By Katie Fallon
katiefallon@reporternewspapers.net

Sixty singers from one local church choir are currently experiencing the chance of a lifetime by helping to commemorate a historical milestone in two of Europe’s most sacred attractions.

On July 24, the choir from Buckhead’s Cathedral of St. Philip departed on a two-week choral odyssey that will include multiple performances in Dublin’s St. Patrick’s Anglican Cathedral and London’s famed Westminster Abbey.

The trip to Westminster Abbey is particularly noteworthy for two reasons. First, the services will mark the choir’s return to the venue after having performed there several times over the years. Historically speaking, though, the St. Philip’s choir will help Westminster Abbey commemorate the United Kingdom’s abolishment of slavery 200 years ago. The bicentennial celebration will take place on July 30.

The choir, whose members range in age from 10 to more than 70 years old, also has the honor of performing at the final resting place of William Wilberforce, the British politician who was an instrumental part of the parliamentary campaign against slavery in the late 1700’s and early 1800’s.

Bruce Neswick is the Music Canon and Choir Director for the Cathedral of St. Philip. He said the honor of performing on such an occasion, particularly considering Westminster Abbey’s tie to a leader in the abolitionist movement, is a unique opportunity.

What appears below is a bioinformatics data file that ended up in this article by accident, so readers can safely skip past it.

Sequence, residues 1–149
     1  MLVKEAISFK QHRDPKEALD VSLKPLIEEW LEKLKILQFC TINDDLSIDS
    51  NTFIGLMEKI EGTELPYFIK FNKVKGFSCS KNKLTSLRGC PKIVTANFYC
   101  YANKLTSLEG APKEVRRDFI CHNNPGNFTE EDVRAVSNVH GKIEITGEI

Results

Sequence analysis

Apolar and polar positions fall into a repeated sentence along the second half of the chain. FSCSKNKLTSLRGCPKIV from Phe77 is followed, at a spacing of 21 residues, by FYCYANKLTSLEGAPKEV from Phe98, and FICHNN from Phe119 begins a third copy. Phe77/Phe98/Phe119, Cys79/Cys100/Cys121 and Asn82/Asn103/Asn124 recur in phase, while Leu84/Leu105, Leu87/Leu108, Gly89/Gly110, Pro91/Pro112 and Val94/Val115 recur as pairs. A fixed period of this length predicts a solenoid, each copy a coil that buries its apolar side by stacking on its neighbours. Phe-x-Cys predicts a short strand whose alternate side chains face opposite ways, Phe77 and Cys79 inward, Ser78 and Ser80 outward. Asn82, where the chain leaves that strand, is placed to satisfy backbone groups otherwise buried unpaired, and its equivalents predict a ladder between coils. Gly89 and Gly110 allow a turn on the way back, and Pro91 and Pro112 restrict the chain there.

“On this day, when the church remembers Wilberforce in its calendar and not coincidentally in the year of the release of the film about Wilberforce entitled ‘Amazing Grace,’ we will have the privilege of joining with a packed congregation in the hymn Amazing Grace,” Neswick said. “Written by John Newton, who himself had been a slave-ship captain prior to his conversion, this hymn sums up for us the mighty works of a God who does indeed save us.”

The St. Philip’s choir will have a total of eight separate performances at Westminster Abbey and an opportunity for a guided tour of the cathedral, which has served as England’s coronation church since 1065.

“A visiting choir at a place like Westminster Abbey is but a mere slice of history,” Neswick said. “We are there simply to help these historic churches keep on keeping on. There is an undeniable feeling that, even with the ebb and flow of church life, daily worship is at the heart of the Christian life.”

The choir started its trip with four performances, which began on Thursday and will end with an early afternoon performance on July 29, at St. Patrick’s in Dublin. The significance of performing at St. Patrick’s includes the cathedral being the largest church in Ireland. Built in the 13th century, the church is also unique in that it is part of the Anglican Church of Ireland while located in the capital of a country that is majority Roman Catholic.

Neswick said the trip, which includes opportunities for some sightseeing activities, offers a chance for a performance with both religious and historic significance.

“One cannot come away from a choir pilgrimage to Europe without a deep sense of having entered into a centuries-old tradition of worship,” he said. “For us moderns, who live so much in the now, it is broadening and humbling to be reminded also of the God who was in the beginning and ever shall be.”

For more information on the choir or the Cathedral of St. Philip, 2744 Peachtree Rd, visit www.stphilipscathedral.org.